Exporting (Stoned) America


Students for a Sensible Drug Policy spots a proposal in South Carolina to allow overseas rendition for drug offenders and child molesters. (And, as all good students of Reefer Madness know, the transition from the former to the latter is only a matter of time.) The bill provides:

Notwithstanding another provision of law, the department may enter into agreements with foreign countries for the confinement of inmates convicted of drug related offenses or offenses related to the sexual abuse of children.

Aside from being ghastly on its face, I'm not sure how this is supposed to comport with Article 1, Section 10 of the Constitution.

NEXT: Minimum Wage! Hyaaah!

Editor's Note: We invite comments and request that they be civil and on-topic. We do not moderate or assume any responsibility for comments, which are owned by the readers who post them. Comments do not represent the views of Reason.com or Reason Foundation. We reserve the right to delete any comment for any reason at any time. Report abuses.

  1. “…For transporting us beyond Seas to be tried for pretended offences…”

  2. Ah, good ol’ SC, rackin’ up the stupid legislation points. I think they’re currently in the lead.

  3. Why doesn’t Rep. Davenport just come out and ask for what he really wants? To make these crimes a capital offenses. I wonder how many of his constituents feel that deportation to prison camps is a good idea? I would guess it’s a fair percentage, because ideas this weird don’t happen in a vacuum.

    Whatever happened to the concept of person serving their sentence and rejoining society? I’m not saying that molestation isn’t a horrible crime, but it seems that we’re always trying to make the law more vindictive.

    As far as constitutionality goes, when has that ever been a concern for a politician?

    Lastly, in what sort of Bizarro world does Mr. Davenport live where dealing pot (possessing too much) is equivalent to raping children?

  4. c’mon, Dave, everybody knows that one toke of cheeba is all it takes to turn your average good ole boy into a raging perve

  5. Amylou: It takes that much?

  6. maybe a little bit more. Have you seen Reefer Madness? an overblown exercise in exaggeration of the effects of marijuana use.

    I don’t know too many people who wanted to do anything other than sit around and eat junk food after smoking weed.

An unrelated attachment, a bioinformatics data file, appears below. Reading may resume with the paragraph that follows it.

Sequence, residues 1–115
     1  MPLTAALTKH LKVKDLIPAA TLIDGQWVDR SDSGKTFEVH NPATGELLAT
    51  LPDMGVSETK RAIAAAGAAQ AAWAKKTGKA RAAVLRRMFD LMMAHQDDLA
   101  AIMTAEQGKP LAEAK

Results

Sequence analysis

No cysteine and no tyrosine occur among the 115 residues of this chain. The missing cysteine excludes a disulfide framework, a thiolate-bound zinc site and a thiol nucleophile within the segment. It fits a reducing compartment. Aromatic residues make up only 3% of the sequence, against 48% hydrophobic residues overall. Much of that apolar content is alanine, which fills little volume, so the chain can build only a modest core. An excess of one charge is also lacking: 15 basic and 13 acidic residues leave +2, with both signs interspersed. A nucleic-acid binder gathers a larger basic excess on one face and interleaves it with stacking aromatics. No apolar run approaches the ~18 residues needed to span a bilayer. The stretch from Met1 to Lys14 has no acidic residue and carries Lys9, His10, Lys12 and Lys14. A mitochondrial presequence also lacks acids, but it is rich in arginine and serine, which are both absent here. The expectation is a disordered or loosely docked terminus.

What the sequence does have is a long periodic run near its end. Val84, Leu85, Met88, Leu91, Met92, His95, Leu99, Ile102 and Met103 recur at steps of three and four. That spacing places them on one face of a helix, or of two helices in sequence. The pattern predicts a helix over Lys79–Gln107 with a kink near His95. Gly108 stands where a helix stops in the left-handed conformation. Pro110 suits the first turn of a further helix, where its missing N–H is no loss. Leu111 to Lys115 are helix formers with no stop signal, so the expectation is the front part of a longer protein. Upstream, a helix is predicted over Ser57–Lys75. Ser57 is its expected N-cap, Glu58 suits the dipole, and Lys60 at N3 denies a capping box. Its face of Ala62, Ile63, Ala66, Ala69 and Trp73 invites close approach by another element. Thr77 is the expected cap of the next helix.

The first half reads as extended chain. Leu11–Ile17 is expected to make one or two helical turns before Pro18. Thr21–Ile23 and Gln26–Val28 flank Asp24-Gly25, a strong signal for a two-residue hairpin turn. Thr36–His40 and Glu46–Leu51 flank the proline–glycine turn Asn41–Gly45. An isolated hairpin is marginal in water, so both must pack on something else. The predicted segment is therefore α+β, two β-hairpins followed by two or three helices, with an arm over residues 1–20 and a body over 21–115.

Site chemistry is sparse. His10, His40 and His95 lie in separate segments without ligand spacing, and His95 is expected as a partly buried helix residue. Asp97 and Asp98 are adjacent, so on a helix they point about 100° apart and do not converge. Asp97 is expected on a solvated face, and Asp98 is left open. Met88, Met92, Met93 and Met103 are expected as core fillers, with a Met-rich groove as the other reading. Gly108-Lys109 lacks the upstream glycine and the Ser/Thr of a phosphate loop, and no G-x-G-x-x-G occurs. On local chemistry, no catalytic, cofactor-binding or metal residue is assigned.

7. i dunno, man, the piano player was having a hell of a time.

  8. It’s interesting that they don’t deem murderers worthy of deportation, or extraordinary rendition, or whatever piece of jargon they’re going to refer to it by.

  9. Jualian Sanchez,

    State criminal “long-arm statutes” have been found to reach to foreign parties.

  10. The manic piano player was on meth.

  11. “State criminal ‘long-arm statutes’ have been found to reach to foreign parties.”

    Yes, but that’s irrelevant to Julian’s question….

  12. IMHO, in the eyes of the prohibs, drug users are “enemies of the state” and do not deserve rights . Murderers and rapists just hurt a lowly citizen, they are not considered to be a threat to the jack bootocracy.

  13. SR,

    I’m simply adding a comment about the size and nature of the legal arsenal states have to bring to bear against someone they want to get at. It wasn’t meant to be a direct comment on the nature of the proposed compacts themselves, though if Congress has greenlighted such compacts then any constitutional concerns would be put aside.

  14. Sounds like a great idea! This way the worst criminals out there can be gotten rid of. Maybe we could export them to make some money for inforcement by selling them as slaves. We also need a law that makes it illegal for a jury to find anyone accused of any of these crimes innocent. That could be a usefull tool in the WOD. Another good idea was a proposed “smoke a joint lose a limb” legislation to impose severe penalties on users.

  15. Pending Mississippi Bill Threatens Dismemberment For Convicted Drug Violators.

    January 8, 1998, Jackson, MS: Persons found guilty of possessing
    marijuana in Mississippi could face the removal of a limb if proposed
    legislation becomes law. House Bill 196, introduced by Rep. Bobby Moak
    (R-Lincoln County), authorizes “The removal of a body part in lieu of
    other sentences imposed by the court for violations of the Controlled
    Substances Law.”

  16. It’s interesting that they don’t deem murderers worthy of deportation, or extraordinary rendition, or whatever piece of jargon they’re going to refer to it by.

    Because tose crimes arn’t as bad.

  17. dhex:

    I’m told by a relative that “back in the day” there was a shitcan theatre that would have a midnight showing of “The Song Remains the Same” with “Reefer Madness” preceding it.

    Anyway, people openly smoked in the house, and in the scene where the piano player sneaks off and fires up, everyone in the theatre cheered wildly.

    The piano player rules. He’s my hero.

  18. “…a proposal in South Carolina to allow overseas rendition for drug offenders and child molesters.”

    The drug offenders we can now send to Mexico- but where do the sex offenders go? Thailand?

  19. Could we get these legislators “renditioned”?

  20. dhex: Faster! FASTER!

  21. If Congress were to approve, A1S10 would have no bearing, but I think the Eighth’s protection against unusual punishment might get in the way.

    As for the question about punishing jurors for deciding the wrong way, that would run afoul of the Sixth’s guarantee of an impartial jury.

    Of course, this all assumes the govt still cares about the Bill of Rights, which may not remain the case for long.

Please to post comments

Comments are closed.